2. API Gateway passes Lambda the client ID and client secret pair.
  3. Lambda does a lookup in DynamoDB to verify the client ID and client secret. After the identity is confirmed, Lambda uses Region-based environment variables to identify if the client should be using the primary Region or secondary Region for authenticating to Amazon Cognito. Lambda retrieves the Region-based client ID and client secret from DynamoDB.
  4. Lambda passes the Region-based app ID and secret to Amazon Cognito, which verifies the client ID and client secret, and returns an access token to the Lambda function.
  5. Lambda passes the access token from the Regional Amazon Cognito environment back to the client to be used against Region-based backend applications.


For this walkthrough, you should have the following prerequisites:

Note: Ensure that you are following your organization’s security best practices while deploying this architecture.


This implementation will focus on the Lambda logic that is used to retrieve user credentials based on Lambda environment variables. We will share snippets of the Lambda function code so you can create the logic necessary to enable multi-Region application architecture using Amazon Cognito app clients. In addition to the Lambda function, you will also need to create and configure the following resources using security implementation designated by your organization:

  1. DynamoDB table with fields primaryClientID, primaryClientSecret, secondaryClientID, and secondaryClientSecret.
    1. Because this table is used to store secrets, make sure encryption is enabled and you follow Security Best Practices for Amazon DynamoDB and your organization’s security best practices.
    2. Enable DynamoDB global tables.
  1. API Gateway Regional endpoint with TLS encryption using ACM.
  2. Route53 domain record routing traffic to Regional API Gateway.
  3. Downstream application configuration pointing at the Regional Amazon Cognito endpoint.
  4. IAM role that grants access from Lambda to DynamoDB.

Now let’s configure our Lambda function using Node.js language. Within the Lambda console create a new Lambda function that you will author from scratch. Select the Node.js runtime and change the runtime Lambda execution role to the IAM role that you have created for Lambda. Next, we will walk through the Lambda function code and configuration.

  1. Attach your new IAM role as a Lambda runtime role that will grant your Lambda function access to the DynamoDB table.
  2. Within the Lambda configuration environment variables, create several key-value variables in the Lambda function. The following are the environmental variables we will add.
    1. key: OAUTH_HOST_PRIMARY, value: https://${cognito-primary-region-domain-name}/oauth2/token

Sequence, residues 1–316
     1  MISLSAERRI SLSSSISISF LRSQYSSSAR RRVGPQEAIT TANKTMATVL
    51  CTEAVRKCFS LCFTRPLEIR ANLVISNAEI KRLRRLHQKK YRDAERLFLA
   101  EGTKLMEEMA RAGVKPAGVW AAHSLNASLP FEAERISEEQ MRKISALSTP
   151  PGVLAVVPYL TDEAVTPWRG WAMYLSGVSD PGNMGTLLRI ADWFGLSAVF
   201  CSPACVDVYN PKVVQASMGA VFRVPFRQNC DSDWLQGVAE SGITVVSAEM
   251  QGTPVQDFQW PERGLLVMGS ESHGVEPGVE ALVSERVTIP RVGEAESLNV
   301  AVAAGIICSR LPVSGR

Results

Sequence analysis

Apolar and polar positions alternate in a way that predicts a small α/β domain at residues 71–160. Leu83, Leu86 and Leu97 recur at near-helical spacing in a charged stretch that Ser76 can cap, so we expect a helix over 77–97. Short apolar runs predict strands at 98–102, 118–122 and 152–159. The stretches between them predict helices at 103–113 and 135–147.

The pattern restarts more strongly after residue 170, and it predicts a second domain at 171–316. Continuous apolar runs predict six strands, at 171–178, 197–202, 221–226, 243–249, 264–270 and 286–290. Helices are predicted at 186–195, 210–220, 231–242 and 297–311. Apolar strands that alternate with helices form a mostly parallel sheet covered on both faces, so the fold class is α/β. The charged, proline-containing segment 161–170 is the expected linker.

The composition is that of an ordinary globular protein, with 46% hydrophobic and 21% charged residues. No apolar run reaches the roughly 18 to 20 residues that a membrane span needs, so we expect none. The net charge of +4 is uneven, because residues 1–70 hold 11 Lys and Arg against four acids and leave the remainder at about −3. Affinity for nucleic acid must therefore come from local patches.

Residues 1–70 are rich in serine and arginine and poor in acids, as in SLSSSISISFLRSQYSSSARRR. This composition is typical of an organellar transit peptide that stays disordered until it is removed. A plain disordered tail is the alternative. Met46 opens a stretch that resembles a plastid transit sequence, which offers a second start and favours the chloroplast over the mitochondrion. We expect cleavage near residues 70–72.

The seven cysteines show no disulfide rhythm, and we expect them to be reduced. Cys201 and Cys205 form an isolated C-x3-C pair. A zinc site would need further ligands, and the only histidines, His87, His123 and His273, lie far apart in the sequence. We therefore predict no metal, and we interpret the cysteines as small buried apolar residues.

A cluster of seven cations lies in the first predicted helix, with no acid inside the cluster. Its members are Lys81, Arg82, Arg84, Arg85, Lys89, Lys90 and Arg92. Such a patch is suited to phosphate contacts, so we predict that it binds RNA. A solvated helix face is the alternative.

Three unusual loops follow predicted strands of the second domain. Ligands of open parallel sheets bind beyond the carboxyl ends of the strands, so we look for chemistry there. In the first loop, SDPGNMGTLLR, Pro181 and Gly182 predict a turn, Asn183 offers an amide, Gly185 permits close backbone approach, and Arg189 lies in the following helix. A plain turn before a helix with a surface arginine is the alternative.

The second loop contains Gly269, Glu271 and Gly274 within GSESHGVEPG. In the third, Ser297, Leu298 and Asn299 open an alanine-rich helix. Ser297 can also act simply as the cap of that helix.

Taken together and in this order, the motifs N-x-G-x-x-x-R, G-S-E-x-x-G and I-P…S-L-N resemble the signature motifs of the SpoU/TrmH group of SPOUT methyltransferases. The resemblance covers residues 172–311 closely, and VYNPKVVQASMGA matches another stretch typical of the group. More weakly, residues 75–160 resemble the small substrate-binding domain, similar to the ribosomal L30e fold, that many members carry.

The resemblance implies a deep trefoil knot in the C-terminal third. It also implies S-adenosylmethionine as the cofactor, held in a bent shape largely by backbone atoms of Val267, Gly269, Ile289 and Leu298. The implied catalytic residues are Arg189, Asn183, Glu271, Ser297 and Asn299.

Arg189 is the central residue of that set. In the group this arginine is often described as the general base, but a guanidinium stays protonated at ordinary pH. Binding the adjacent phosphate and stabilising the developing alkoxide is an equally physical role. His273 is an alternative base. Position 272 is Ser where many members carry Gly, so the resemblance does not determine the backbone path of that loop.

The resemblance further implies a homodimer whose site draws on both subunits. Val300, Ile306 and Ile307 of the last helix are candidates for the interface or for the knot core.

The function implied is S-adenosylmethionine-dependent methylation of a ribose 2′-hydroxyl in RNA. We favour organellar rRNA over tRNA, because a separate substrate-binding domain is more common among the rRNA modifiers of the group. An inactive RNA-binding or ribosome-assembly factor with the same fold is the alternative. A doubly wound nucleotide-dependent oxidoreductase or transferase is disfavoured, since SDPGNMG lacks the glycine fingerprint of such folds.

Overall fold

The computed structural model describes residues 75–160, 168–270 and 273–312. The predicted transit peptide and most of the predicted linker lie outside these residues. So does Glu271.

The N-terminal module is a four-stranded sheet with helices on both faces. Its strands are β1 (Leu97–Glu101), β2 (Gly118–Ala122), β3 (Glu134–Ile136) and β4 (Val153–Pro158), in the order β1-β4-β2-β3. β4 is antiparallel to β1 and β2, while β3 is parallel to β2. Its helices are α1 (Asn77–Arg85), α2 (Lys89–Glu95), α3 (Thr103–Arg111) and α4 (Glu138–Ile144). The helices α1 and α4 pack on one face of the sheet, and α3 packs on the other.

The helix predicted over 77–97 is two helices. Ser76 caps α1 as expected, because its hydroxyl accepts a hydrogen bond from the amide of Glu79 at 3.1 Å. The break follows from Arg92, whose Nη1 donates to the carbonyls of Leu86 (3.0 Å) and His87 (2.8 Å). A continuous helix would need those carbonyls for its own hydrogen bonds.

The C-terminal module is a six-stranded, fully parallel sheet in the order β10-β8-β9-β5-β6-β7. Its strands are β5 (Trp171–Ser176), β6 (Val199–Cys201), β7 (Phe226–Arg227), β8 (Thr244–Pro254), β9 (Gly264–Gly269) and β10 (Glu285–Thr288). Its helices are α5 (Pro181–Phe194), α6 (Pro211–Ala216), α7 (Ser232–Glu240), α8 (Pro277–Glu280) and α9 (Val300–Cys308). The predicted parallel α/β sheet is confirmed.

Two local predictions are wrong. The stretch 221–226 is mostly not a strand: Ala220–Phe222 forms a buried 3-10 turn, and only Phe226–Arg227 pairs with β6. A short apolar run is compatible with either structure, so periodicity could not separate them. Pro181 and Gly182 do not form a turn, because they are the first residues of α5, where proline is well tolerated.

2. key: OAUTH_HOST_SECONDARY, value: https://${cognito-secondary-region-domain-name}/oauth2/token
  1. Import the Node.js libraries using the following code.
"dependencies": {
    "aws-sdk": "^2.723.0",
    "aws-serverless-express": "^3.3.8",
    "axios": "^0.21.1",
    "base-64": "^1.0.0",
    "cors": "^2.8.5",
    "dotenv": "^8.2.0",
    "express": "^4.17.1",
    "jsonwebtoken": "^8.5.1",
    "jwt-decode": "^2.2.0",
  1. Parse data from the incoming client application authentication request."/", async (request, response) => {
  const client_id = request.body["client_id"];
  const client_secret = request.body["client_secret"]
  const client = await dynamoDB.getClientCredentialById(client_id, client_secret);
  if (client === undefined) {
    return response.status(400).json({
          "Client not configured for in Cognito. Please check with support team",
   const client_credentials = getClientCredentials(client);
   let access_token = await authService.getJwtToken(client_credentials);
  1. Reference the environment variables to determine the Region that the Lambda function is operating in and set the Region as primary or secondary.
getClientCredentials = client => {
   return region === "us-east-1" ? { clientId: client.primaryClientId, clientSecret: client.primaryClientSecret, oAuthHost: config.OAUTH_HOST }
   : region === "us-east-2" ? { clientId: client.secondaryClientId, clientSecret: client.secondaryClientSecret, oAuthHost: config.OAUTH_HOST_EAST_2 }
   : {};
  1. Verify the client ID and client secret against the DynamoDB table and get the Region-based client ID and client secret.
const getClientCredentialById = async (client_id, client_secret) => {

  let params = {
    TableName: clientCredentialTable,
    Key: {
      primaryClientId: client_id,
      primaryClientSecret: client_secret,

  const clientCredential = await ddb.get(params).promise();
  return clientCredential.Item;
  1. Pass the Regional client ID and client secret to Amazon Cognito. You will receive an access token from Amazon Cognito.
   const base64ClientCredentials = base64.encode(
   const headers = {
     "content-type": "application/x-www-form-urlencoded",
     authorization: "Basic " + base64ClientCredentials,
    const data = "grant_type=client_credentials";
    // Post request to Cognito OAuth URL
    const token = await, data, { headers });
  1. Pass the access token from the Regional Amazon Cognito environment back to the client to be used against Region-based backend applications.